The modern-day role of the Fed is to distort these prices, effectively to disrupt the economy’s guidance system. The purpose is to fool you into making improper decisions. This deception threatens social harmony and individual well-being. Distorting prices, especially systematically, is the equivalent of drugging a person and then having him make major life or financial decisions. Drugs and price distortions have the same effect on decision-making - the mind is unable to properly receive and process information. The Fed’s behavior of distorting prices is deliberate dishonesty calculated for government advantage. The policy is designed to deceive others to behave in a manner which is ultimately harmful to these individuals. It is outright fraud! A government that can only survive via fraud has reached the desperate stage. It can create great harm in its death throes but its survival is unlikely.
Since Mr. Krugman tells us all this spending and debt issuance/guarantees are not only good and necessary but in the long run, painless, why are we bothering with personal income taxes?
The US government will collect approximately $2.0bn this year in Personal Income and Payroll taxes. But why? Why are we even bothering with this when today’s leading economists and politicians are telling us that debts/deficits don’t matter and running up astronomical debts is a long-term painless process? It’s practically patriotic. So why shouldn’t we just add our tax burden to the list of items the Fed should be monetizing? Seriously. Why not relieve the burden on every tax paying citizen in the United States (about 53% of us according to Mitt Romney)? You want an economic recovery? Reduce my taxes to zero and see how fast I go out and start spending some of that extra income.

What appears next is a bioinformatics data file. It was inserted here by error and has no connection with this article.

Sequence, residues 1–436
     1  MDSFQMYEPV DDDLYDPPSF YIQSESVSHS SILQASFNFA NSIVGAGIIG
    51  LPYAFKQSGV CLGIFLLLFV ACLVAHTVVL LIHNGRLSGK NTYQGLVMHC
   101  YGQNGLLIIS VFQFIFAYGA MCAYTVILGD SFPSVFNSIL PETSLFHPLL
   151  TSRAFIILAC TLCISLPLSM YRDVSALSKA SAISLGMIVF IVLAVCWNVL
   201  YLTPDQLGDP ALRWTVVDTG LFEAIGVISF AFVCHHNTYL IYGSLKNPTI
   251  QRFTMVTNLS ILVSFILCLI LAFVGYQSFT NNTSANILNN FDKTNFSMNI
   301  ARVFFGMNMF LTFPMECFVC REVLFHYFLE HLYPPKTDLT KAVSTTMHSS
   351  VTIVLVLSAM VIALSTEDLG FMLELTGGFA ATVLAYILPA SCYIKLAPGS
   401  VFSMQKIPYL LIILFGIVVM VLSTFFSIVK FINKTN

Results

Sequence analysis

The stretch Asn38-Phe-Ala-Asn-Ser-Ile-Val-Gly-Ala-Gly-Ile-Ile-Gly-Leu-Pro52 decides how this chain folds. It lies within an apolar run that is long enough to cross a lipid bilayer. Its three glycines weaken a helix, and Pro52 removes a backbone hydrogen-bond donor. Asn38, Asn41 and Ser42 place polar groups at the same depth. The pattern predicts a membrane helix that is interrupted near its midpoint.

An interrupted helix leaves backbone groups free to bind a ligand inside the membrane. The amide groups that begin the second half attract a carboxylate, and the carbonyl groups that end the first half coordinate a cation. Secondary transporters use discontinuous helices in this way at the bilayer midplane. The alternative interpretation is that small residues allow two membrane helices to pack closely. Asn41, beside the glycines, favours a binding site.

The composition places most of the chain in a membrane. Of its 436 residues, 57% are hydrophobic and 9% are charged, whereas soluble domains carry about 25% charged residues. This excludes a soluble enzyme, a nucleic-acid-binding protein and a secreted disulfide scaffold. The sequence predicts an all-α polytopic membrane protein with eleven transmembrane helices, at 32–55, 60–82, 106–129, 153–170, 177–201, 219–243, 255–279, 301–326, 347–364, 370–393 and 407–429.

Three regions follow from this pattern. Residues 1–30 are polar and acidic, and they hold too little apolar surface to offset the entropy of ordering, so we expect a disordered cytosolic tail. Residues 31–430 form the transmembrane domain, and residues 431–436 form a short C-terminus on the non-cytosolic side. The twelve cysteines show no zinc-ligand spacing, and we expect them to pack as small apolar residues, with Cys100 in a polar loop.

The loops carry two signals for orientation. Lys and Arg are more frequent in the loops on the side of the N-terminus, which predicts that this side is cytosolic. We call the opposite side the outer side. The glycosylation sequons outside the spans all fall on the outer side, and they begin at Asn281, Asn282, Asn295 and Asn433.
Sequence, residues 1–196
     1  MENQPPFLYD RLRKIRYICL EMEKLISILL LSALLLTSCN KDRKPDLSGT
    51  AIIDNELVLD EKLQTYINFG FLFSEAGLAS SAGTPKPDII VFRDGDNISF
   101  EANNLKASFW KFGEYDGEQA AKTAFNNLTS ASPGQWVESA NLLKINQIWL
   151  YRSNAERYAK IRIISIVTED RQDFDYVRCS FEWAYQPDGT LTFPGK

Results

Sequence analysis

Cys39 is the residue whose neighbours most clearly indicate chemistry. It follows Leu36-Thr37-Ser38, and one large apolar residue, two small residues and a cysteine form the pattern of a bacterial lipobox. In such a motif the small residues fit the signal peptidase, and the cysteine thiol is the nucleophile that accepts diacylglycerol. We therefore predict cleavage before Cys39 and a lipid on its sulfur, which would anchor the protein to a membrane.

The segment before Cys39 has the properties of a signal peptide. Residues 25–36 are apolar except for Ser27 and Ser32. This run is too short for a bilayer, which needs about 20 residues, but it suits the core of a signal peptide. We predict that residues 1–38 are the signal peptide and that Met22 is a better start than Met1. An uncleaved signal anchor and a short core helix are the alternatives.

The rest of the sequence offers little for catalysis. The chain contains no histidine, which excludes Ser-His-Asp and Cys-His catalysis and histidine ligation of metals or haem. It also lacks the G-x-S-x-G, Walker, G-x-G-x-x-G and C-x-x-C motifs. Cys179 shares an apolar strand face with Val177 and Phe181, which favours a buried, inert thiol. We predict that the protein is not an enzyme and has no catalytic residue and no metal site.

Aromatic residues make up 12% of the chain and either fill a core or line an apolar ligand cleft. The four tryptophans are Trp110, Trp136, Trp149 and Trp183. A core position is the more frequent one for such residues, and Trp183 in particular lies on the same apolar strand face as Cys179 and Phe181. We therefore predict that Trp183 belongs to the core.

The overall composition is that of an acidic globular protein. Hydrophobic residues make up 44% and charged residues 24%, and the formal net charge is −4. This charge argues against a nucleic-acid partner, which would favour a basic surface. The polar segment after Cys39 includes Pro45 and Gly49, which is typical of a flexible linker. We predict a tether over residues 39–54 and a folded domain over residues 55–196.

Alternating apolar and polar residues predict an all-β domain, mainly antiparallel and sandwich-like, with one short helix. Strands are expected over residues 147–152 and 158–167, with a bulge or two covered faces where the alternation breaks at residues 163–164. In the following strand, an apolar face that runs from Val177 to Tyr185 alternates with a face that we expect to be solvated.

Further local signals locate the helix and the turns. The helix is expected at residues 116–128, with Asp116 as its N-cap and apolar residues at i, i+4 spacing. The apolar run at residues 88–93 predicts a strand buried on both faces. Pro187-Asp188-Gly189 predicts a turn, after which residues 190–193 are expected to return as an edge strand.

Joseph Eugene Stiglitz was awarded the Nobel Prize in Economic Sciences in 2001. We have constructed the world in which we live on recognition and awards. But, they are just for giving. They are not for anything else. We take no heed of what the ones that have been recognized might have to say or declare. They can go blue in their face, we have delusions of grandeur. Who gave them the prize anyhow?